Excel Services comes with a few performance counters designed to let an administrator know the load under which Excel Services is operating. When all performance counters are added, the list inside the management console looks like this:
- Active Requests: This is the number of requests Excel Services is currently servicing. This number does not include requests that are queued in IIS or ASP.NET. Almost any request that Excel Services looks at will be accounted for here. The only cases where they are not is when the request is malformed in one way or another – in these cases it will be rejected before it’s counted (and thus will not show).
- Active Sessions: This corresponds to the amount of sessions that are currently opened in Excel Services. Whenever a user starts communicating with Excel Services, a session is created (this will increase this counter). Whenever a session times out or gets explicitly closed, this number will decrease by one. A very large number (1000s) that never goes down probably indicates an issue with the server (it really depends on usage pattern, on how strong the machine is, etc). Note: When explicitly closing a workbook, the number may not fall immediately. It may take the performance counter up to 5 seconds to actually reflect the fact that the session has been closed.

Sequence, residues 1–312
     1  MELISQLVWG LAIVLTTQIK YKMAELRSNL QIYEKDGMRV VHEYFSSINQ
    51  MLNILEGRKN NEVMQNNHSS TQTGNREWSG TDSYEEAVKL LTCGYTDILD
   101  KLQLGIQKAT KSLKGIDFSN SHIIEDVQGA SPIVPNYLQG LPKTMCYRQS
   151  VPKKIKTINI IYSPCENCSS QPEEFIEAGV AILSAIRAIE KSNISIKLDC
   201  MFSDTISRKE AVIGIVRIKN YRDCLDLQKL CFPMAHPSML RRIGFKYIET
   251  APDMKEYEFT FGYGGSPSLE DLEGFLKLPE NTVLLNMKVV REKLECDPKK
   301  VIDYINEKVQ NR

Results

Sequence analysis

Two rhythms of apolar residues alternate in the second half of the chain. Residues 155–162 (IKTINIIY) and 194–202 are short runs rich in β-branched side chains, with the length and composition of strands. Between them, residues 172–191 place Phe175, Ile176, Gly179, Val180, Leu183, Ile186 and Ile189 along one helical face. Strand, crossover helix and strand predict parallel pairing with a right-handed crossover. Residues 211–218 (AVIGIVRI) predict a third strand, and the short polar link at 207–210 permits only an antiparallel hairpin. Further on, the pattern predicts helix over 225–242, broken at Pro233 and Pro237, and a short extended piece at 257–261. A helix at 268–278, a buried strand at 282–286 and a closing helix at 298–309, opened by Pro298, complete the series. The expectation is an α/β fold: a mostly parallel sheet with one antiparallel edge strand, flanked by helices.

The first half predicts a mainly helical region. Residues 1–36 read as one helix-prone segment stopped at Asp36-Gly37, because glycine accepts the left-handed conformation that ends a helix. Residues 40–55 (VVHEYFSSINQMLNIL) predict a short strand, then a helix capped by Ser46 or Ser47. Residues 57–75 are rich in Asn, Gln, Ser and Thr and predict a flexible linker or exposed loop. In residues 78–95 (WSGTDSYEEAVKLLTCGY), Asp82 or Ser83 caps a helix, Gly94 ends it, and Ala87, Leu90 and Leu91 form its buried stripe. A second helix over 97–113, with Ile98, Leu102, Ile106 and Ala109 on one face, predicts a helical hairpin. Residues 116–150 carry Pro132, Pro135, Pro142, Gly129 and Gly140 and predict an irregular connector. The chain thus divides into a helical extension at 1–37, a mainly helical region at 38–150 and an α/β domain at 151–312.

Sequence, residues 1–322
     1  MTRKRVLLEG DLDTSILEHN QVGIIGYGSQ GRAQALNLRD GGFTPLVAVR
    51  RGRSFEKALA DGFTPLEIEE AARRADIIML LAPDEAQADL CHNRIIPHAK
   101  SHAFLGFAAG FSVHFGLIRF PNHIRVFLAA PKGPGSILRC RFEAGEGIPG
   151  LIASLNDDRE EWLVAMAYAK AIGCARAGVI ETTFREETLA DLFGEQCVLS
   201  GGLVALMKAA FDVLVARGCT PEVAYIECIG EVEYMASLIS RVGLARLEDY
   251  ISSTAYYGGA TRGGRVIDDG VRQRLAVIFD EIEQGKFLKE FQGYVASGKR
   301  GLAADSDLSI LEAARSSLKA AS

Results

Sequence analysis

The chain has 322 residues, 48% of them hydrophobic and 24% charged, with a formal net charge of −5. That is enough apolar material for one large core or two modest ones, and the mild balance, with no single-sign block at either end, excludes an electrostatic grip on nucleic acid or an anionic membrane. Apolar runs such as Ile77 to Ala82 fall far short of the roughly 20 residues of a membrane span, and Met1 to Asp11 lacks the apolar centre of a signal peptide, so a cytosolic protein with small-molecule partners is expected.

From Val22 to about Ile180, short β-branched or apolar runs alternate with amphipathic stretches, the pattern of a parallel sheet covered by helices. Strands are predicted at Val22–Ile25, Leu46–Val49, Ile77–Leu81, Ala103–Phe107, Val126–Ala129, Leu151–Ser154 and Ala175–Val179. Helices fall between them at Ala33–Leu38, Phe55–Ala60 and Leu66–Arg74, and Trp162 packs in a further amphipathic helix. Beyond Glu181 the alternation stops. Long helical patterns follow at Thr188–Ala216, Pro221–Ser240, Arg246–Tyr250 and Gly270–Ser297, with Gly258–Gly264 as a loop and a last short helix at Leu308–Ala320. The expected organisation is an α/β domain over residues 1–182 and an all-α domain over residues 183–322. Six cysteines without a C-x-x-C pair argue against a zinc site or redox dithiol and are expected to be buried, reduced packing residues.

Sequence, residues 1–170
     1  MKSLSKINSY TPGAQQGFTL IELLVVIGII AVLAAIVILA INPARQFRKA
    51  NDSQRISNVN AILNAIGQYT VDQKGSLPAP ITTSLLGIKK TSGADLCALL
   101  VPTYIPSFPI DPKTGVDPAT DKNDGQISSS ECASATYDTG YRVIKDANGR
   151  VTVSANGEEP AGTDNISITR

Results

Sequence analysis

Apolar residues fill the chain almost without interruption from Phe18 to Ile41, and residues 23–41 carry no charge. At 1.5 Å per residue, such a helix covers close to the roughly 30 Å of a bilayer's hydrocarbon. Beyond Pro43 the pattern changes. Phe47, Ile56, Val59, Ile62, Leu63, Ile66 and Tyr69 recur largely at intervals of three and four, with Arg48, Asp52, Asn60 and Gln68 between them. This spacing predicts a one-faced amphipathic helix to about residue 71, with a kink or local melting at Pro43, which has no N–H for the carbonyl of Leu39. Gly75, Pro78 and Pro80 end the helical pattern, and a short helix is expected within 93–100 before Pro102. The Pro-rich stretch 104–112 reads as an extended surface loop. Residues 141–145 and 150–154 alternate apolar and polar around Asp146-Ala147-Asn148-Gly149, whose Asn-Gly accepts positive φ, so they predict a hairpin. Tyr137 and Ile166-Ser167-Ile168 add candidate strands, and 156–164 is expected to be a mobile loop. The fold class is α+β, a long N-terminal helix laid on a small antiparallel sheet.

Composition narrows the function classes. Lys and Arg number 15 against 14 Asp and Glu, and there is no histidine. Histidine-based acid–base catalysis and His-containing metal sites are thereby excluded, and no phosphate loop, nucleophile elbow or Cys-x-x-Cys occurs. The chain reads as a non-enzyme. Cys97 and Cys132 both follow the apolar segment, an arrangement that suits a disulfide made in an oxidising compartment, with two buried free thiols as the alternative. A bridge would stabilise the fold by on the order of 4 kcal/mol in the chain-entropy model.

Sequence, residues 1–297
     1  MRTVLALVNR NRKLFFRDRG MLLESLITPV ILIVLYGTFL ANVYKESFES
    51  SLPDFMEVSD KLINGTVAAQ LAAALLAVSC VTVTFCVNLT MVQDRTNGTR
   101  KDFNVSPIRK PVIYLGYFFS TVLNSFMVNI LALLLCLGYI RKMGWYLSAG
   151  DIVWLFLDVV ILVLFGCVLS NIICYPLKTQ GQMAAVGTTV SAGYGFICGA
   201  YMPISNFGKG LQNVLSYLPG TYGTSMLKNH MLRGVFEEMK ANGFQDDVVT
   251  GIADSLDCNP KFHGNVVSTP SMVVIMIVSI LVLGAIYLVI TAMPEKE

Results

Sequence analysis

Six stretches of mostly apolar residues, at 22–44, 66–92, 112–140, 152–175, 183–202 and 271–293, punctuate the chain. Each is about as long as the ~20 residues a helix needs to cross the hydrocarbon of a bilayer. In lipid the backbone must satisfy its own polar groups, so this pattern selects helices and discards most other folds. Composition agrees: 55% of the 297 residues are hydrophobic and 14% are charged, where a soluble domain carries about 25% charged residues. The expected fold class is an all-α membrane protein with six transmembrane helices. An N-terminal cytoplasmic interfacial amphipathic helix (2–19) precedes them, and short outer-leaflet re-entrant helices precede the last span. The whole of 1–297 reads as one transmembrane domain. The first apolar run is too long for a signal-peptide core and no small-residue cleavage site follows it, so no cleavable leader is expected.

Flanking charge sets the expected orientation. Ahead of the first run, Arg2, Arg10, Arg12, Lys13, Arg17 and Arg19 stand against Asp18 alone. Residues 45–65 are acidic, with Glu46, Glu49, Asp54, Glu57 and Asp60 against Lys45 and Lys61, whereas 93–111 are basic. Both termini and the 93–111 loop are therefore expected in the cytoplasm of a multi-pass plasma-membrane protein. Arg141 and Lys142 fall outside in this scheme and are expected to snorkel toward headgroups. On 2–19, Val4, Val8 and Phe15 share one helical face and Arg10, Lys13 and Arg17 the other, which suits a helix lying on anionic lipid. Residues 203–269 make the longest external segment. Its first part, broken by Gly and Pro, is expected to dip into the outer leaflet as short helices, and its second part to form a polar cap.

- Average Request Processing Time: This number represents the average amount of time Excel Services has taken to process each request. A high number here (in the 10s of seconds) on a server probably indicates some issue.
- Average Session Time: This indicates the average life-time of sessions in the system. This number is really dependant on usage patterns – if users in the org tend to analyze and work with workbooks for a long time, then this number can reach quite high. If users tend to just look at dashboard information, it will probably be equal to the average Short Session Timeout value of the Trusted Locations used.
- Rendered Charts Requested/sec and Cached Charts Requested/sec: Whenever a user requests a chart from Excel Services (for example, by viewing an area in a workbook that contains a chart), Excel Services needs to look at the data and generate the chart image. Since this is a relatively expensive operation, the chart is then stored on disk. The “Rendered Charts” counter specifies how many times per second Excel Services actually went ahead and generated a chart image from data. The second number (“Cached Charts”) specifies how many times a second an already-prepared chart was used.
- Current size of memory cache: This is probably one of the least useful and more confusing performance counter for Excel Services. It contains the value of certain types of memory allocations. The problem is that for performance reasons, the number does not contain all allocation originating from the various sub-systems of Excel Services and as such is not very useful.
- Excel Calculation Services Workbook Cache Size : This over-long name corresponds to the amount of bytes taken on disk for caching workbooks. When a workbook is first opened on the server, it is fetched from the source (SharePoint, UNC etc) and placed on the hard-drive of the Excel Services machine – this perf counter shows how much disk space these workbooks occupy.